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            Yeah, but now we can use -i and -p, we don’t want to go back. But partial writes may be a good answer, I didn’t know about those.

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              Adding parts of files to commits is fragile, because by definition you’ve never tested those staged files as a unit, and it’s quite easy to break the code as a result.

              I’d strongly prefer a partial stash, similar to git stash -p. That gives you a checkout that you can test before committing. Plan 9 already comes with tools for doing this[1], and the file system abstraction means that the only support needed is for hooking it into a stash workflow.

              [1] idiff, http://man.cat-v.org/9front/1/idiff

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                Oh, I “want to go back” on so many things in git…

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                  I love git, seriously. Now that I know I’m manipulating the DAG, everything just Makes Sense. I wouldn’t want to teach a new user though.

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            the entire concept of the staging area has been dropped, as it’s both confusing and clunky. There are now only three states that files can be in: ‘untracked’, ‘dirty’, and ‘committed’.

            … Some usage examples:

            git/clone git://git.eigenstate.org/git/ori/mc.git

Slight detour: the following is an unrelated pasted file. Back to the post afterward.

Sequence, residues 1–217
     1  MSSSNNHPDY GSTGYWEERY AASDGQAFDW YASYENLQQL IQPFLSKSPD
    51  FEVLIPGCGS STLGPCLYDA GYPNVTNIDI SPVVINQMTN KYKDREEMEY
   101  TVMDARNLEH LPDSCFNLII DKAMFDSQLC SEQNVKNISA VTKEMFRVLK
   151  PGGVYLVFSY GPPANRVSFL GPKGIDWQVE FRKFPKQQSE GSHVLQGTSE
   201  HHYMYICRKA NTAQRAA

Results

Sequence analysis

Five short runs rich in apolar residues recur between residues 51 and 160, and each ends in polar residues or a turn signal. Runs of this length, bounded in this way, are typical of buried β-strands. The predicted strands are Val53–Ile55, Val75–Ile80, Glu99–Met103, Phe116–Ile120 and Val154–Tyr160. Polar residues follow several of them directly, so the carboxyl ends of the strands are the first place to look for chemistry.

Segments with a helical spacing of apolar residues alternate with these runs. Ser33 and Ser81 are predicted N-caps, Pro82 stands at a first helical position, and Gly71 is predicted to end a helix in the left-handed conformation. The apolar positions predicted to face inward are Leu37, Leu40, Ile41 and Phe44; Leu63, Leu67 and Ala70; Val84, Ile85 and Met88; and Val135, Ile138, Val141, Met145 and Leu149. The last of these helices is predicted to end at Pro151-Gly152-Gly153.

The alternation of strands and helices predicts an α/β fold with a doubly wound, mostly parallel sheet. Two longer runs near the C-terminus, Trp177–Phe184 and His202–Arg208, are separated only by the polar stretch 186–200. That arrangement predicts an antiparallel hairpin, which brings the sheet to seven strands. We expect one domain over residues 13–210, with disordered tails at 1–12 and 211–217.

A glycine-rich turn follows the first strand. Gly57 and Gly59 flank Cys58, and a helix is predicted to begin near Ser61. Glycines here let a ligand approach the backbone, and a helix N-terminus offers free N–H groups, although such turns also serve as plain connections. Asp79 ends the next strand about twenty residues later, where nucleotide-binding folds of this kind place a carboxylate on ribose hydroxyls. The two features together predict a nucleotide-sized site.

git/log
            cd subdir/name
            git/add foo.c
            diff bar.c /mnt/git/HEAD/
            git/commit
            git/push
            

            After git/add foo.c, which state is foo.c: “dirty” or “committed”? It’s not committed and not untracked, so I guess it must be “dirty”. But if it’s again modified in the workspace… then what?

            Seems to me like there is still a “staging” step here, or please clarify.

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              After git/add foo.c, which state is foo.c: “dirty” or “committed”? It’s not committed and not untracked, so I guess it must be “dirty”. But if it’s again modified in the workspace… then what?

              Naively snapshotting an entire directory will pick up in-progress files, generated outputs, and other undesirable stragglers. We need a method to mark files that should be included in a commit.

              git/add is the tool for this. It does not copy files anywhere, it just marks a file as snapshot-worthy.

              git/commit will snapshot whatever is in the working directory at the time you call it. The concept of a staging area is simply gone. This reduces the amount of state I need to track in my head, improving usability. (See, for example, the usability studies done by the gitless folks: https://spderosso.github.io/oopsla16.pdf, https://gitless.com/)

              One major missing feature that results from this decision is partial commits. This will be supported by explicitly listing the files to snapshot when committing, as in git/commit path/to/file. That will work by creating a fresh namespace from /mnt/git, and binding in just the files passed as dirty. Something like:

                   scratch=/tmp/commit.$pid
                   mkdir $scratch
                   @{ # subshell for fresh namespace, so binds are cleaned up.
                       rfork n
                       # stitch together a view of the files that we'd like to snapshot.
                       for(f in $files)
                             bind $file $scratch/$file
                       bind -ac .git $scratch/.git
                       bind -a /mnt/git/HEAD/tree $scratch
                       # commit that virtual view.
                       cd $scratch